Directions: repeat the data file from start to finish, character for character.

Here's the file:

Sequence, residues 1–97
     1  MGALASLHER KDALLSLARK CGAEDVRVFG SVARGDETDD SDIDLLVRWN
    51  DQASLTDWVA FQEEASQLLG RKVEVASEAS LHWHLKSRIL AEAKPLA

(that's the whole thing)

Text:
Sequence, residues 1–97
     1  MGALASLHER KDALLSLARK CGAEDVRVFG SVARGDETDD SDIDLLVRWN
    51  DQASLTDWVA FQEEASQLLG RKVEVASEAS LHWHLKSRIL AEAKPLA